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I spent an hour and a half hanging out with Lester Bangs the other night. Or at least that’s what “How to Be a Rock Critic” feels like. Culled from an exhaustive examination of the late rock critic’s published and unpublished works, the show is lovingly obsessive, occasionally manic; it searches for coherence sometimes in tightly packed prose and sometimes through a white-knuckled faith in the implied poetry of adjacent anecdotes. That is to say, it winningly takes on the character of the works on which it’s based.
The show was written by wife-and-husband team Jessica Blank and Erik Jensen, directed by her and performed by him. With help from Richard Hoover’s endlessly detailed living room set and sound designer David Robbins’ carefully layered tour of 1960s, '70s and '80s rock selections, the work of Blank and Jensen definitely gives the impression of a comfortable hang with Bangs, one of those guys (and yes, the field was teeming with guys) who insisted on taking rock 'n' roll seriously as worthy fodder for intellectual examination, and in turn inspired a generation of music lovers and critics-to-be.
But that’s not to say you learn anything about him.
“How to Be a Rock Critic” is Lester Bangs karaoke, not a character study. The only through-lines are a vague sense of chronology — Bangs grows up in the suburbs, moves to Detroit and falls in love with the Stooges, then moves to New York City and falls in love with Television and the nascent punk scene — and the suggestion that he has a worsening substance abuse problem. (Over the course of the one-act’s 90 minutes, he progresses from downing cough syrup to handfuls of pills, though we get little sense of the function these apparent addictions played in his life.) It plays at the Paramount Center’s Jackie Liebergott Black Box Theatre through May 21.
Jensen presents an endlessly affable Bangs, a music geek who gets off on sharing good music and his opinions about it, not jealously hoarding either like hipster fetish objects. This Bangs is highly likable, and both actor and director navigate the material with an intuitive sense of forward motion. If he defines himself by his taste, it’s by what he likes, not what he disdains. He is the type of person who finds it “awkward” when a visitor is over and he can’t quite put his finger on a copy of Van Morrison’s “Astral Weeks.” Embarrassing, indeed.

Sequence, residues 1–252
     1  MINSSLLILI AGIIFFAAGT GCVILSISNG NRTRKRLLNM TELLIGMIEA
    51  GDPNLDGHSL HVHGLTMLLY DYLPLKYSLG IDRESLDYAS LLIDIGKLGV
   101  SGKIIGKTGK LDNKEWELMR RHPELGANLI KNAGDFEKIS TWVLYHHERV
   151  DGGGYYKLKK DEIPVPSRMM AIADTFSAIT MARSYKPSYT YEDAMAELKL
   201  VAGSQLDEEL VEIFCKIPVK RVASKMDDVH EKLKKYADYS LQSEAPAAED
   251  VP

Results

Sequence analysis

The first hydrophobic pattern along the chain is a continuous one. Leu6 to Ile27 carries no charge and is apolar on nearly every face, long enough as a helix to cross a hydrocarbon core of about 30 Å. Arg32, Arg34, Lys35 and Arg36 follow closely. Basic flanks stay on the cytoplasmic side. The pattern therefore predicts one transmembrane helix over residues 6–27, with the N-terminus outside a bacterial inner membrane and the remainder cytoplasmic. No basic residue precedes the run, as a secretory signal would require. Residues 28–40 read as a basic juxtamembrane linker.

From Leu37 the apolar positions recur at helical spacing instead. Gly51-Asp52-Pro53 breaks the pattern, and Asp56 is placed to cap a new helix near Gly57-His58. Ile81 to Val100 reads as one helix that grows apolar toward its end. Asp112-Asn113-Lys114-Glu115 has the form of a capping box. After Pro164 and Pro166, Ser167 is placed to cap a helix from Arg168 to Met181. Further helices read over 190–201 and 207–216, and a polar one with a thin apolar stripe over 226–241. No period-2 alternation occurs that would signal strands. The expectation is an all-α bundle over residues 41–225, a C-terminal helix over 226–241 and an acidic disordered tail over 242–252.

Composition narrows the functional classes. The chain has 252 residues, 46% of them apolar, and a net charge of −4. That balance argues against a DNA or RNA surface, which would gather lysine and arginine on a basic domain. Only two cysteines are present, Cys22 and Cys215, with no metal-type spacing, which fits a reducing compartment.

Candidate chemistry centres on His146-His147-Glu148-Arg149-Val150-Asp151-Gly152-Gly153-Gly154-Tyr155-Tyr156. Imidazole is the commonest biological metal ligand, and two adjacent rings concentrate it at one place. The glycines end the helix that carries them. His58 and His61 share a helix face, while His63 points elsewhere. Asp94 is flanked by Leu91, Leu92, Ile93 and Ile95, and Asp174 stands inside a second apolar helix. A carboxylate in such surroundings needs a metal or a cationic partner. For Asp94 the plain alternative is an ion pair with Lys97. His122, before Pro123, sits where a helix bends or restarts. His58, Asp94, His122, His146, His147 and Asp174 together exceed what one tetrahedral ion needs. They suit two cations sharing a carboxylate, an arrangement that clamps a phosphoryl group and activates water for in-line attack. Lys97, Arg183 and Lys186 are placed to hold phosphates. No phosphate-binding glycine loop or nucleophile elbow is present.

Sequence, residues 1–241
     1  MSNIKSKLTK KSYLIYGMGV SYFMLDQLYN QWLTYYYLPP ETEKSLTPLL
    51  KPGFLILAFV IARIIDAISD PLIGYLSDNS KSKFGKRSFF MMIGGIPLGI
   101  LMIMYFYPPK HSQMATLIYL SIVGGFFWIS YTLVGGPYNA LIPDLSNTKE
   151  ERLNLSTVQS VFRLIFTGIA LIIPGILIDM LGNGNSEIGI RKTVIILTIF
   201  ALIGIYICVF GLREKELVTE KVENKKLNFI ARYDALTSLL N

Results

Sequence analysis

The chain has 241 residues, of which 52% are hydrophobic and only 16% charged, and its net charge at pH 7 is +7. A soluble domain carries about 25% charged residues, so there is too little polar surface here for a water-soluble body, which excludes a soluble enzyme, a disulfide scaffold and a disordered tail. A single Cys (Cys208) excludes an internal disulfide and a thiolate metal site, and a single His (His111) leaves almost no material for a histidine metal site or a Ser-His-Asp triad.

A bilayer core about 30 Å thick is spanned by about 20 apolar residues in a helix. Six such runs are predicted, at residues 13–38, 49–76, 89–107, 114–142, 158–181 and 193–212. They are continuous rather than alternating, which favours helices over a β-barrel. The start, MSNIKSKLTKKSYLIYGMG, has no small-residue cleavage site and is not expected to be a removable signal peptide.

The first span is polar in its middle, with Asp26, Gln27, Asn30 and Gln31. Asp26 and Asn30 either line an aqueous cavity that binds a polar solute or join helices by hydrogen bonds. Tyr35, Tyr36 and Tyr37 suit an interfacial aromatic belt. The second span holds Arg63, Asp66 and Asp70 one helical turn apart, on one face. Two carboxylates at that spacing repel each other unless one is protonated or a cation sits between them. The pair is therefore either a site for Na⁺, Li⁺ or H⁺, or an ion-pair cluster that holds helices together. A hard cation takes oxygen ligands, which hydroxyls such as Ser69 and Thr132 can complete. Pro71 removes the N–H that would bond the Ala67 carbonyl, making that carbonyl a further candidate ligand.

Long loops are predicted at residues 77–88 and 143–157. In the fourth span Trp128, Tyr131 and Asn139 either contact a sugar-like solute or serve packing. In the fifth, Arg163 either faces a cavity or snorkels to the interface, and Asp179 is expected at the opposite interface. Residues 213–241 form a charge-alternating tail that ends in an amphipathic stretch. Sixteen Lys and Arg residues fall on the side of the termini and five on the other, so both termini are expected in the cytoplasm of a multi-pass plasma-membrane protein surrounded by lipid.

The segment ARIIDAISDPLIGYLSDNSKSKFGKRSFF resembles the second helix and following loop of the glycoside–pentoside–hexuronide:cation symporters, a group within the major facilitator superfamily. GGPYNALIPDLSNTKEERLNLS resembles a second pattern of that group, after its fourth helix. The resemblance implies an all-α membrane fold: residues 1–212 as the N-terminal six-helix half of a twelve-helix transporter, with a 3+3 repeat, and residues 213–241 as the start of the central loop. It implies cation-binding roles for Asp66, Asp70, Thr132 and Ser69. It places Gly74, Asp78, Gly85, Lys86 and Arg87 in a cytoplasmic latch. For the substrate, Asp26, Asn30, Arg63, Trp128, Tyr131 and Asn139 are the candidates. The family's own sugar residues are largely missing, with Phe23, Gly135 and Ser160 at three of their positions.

As depicted here, Bangs seemed equally concerned with asserting the essential role of myth-making at the heart of the rock 'n' roll enterprise and sadly bemoaning the artificiality of those myths. For all its references to purity and honesty, Bangs’ worldview here is firmly romantic. His thought process seems centered on a need both for heroes and for the inevitable disappointment of seeing their heroic stature punctured by evidence of mere mortality.
It’s a frame of reference that seems dated now, in an era of celebrity over-sharing on Instagram and festival VIP packages that offer backstage access to the artists’ meal service. But it’s valuable to remember. Whether Bangs would see the increased accessibility of pop stars — in both its feigned and genuine manifestations — as a good or bad thing seems a topic worth exploring in a play like this.
There’s precious little street-level observation of the music history that Bangs was privy to. Even a humblebrag about being flown to London to interview the Clash turns into a formalist exercise in myth-deconstruction, with an on-the-nose callback to another story through which Bangs’ character was also meant to be seen deepening through our observation of his capacity to be spooked by someone else getting brutalized.
It’s telling that this material only seems capable of viewing Bangs by watching him observe someone else. Yes, his life’s work is commentary and reportage, but surely his fans are drawn to him by whatever in his work is original, and speaking from its own voice. For a play crafted almost entirely from that voice, it’s frustrating to get so little a sense of this man beyond his personality.
If the title of this play is to be taken literally, the subject’s instructional seminar on doing what he does for a living boils down to an endorsement of listener enthusiasm. There’s no real aesthetic here, just an assertion of stuff he likes and doesn’t like, and an infectious belief in being a generous hearer. Television is great, the Beatles aren’t, Lou Reed is a jerk and that is that.
Lots of the text here is very pithy and quotable, and leaves me wanting to pick up a volume of Bangs’ work — including his quip that criticism is about “inflicting your taste on other people.” It can be that, yes, but criticism can also lay out a framework for examining a given work while being forthright about what should be measured and why it matters. The best and most useful criticism brings something original to bear and lives in conversation with its subject.
As heard here, Bangs sure is a good talker. “How to Be a Rock Critic” is less a conversation with him than an attractive recitation of some of his greatest hits. As such, fans should be happy enough to turn it up and let it play. I wonder, though, what more is to be found on his B sides.